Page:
I am a PhD candidate at the King's India Institute, King's College London, exploring direct and structural violence against India's religious minorities, particularly Christians. I also explore these themes in my creative work as a playwright. 

Circular Library


I am currently a PhD candidate (in Political Science) and Majumdar Scholar at the King's India Institute, King's College London, where my research focuses on direct and structural violence against religious minorities in India. I particularly look at Christians in the state of Karnataka. I also serve as a Graduate Teaching Assistant in the Department of International Development at King's.

Outside of my academic responsibilities, I serve as the vice warden of one of the University of London's Intercollegiate Halls. In this role, together with the warden, I am responsible for welfare support and disciplinary issues for 1200 UK and international residents.

Previously, I worked as a Teaching and Program Associate at Visthar Academy of Justice and Peace Studies, Bangalore, and a Research and Program Fellow (South Asia) at the Oxford Centre for Religion and Public Life.

I have written and produced three plays focusing on conflicts in South Asia, based on original research. These include plays about the 1984 Bhopal Gas Disaster and the 2008 anti-Christian violence in Kandhamal. These have been performed in India, the U.S. and the U.K.

I hold a B.A. degree from Concordia College, Minnesota, where I double-majored in Political Science and Global Studies and minored in Business. I then completed my M.A. degree in International Relations from the Department of War Studies at King's College London.

Researching and Writing


Rethinking Violence: Hindutva Christianity and Freedom of Religion in India (2016- Present)

For my doctoral research project, I adopt Norwegian political scientist Johan Galtung's framework. Developed over a series of articles, he advocates for a broad conception of violence which includes direct, structural and cultural violence (which are the justifications provided to legitimize the direct and structural violence). He also suggests a causal flow of violence from its cultural forms to its structural forms and finally to its direct forms.

I argue that both physical and structural violence violates an Indian Christian's practice of religion as enshrined in Article 25 of the constitution which provides for the 'Freedom of conscience and free profession, practice and propagation of religion'. I also argue that both structural and physical violence are rooted in and justified using the Hindutva ideology which portrays Christians as "foreigners" intent on destroying the integrity of the Hindu nation through religious conversions. Mainly, conversions are portrayed as a threat to the "Hindu State" in two ways. The first is its role in targeting "vulnerable" Hindu populations, particularly Dalits and Tribals. Secondly, conversions are presented as a tool of "foreigners" to influence India's politics. This broader conception of violence facilitates a challenge to existing notions that violence against Christians in the country began its proliferation in the late 1990s.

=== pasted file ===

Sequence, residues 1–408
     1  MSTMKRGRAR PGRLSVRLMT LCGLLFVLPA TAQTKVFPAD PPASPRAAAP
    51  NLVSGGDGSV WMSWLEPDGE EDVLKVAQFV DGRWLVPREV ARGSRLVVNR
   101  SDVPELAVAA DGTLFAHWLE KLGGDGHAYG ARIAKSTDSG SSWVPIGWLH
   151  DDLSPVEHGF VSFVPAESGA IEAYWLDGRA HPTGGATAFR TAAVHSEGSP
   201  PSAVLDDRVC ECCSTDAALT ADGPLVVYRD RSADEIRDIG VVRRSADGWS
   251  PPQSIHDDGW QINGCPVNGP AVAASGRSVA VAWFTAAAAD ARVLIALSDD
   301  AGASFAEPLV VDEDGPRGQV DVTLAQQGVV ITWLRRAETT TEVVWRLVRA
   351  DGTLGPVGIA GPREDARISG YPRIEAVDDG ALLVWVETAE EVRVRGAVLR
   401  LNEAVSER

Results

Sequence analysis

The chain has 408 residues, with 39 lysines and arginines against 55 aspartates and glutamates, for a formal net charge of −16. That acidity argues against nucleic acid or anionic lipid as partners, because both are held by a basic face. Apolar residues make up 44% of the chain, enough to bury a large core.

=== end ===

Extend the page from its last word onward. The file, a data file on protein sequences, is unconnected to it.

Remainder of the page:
To study direct violence, I have built a unique database of instances from 1975 to 2010 based on reportage in the Times of India. I further use the 2008 anti-Christian violence in Orissa and Karnataka as case studies to explore the causes of violence against Christians. Recognizing the large intersection between Christian and caste identities, I consider the denial of reservations to Dalit Christians, and the institution of anti-conversion legislation in several states in the country as examples of structural violence. To study both, I consider national, and state government reports, NGO reports and interviews with human rights activists, journalists, and church leaders.

Two Pens on Notebook




  • 'The Online Public in India: An Analysis of the BJPs Online Election Campaign', Journal of Media and Social Development, October 2014







A Theatrical Production

Based on original data including first-hand accounts of victims and activists, this 40-minute play was written for the purpose of raising awareness for the 30th anniversary of the 1984 Bhopal Gas Disaster. This play has been performed 20 times in India, the US and the UK.


A Theatrical Production

This script which explores the 2008 anti-Christian violence in Kandhamal was written based on interviews with survivors of the violence. It has been performed in colleges in India.


An Audio Production

This audio production is based on the 2018 script and was rewritten to explore a format which was more conducive to the global situation caused by Covid-19


The Scene is SetThe Hindu, April 8, 2016.

Lens on Reality, The Hindu, February 7, 2016

Talking about Bhopal and Beyond, Bangalore Mirror, November 15, 2014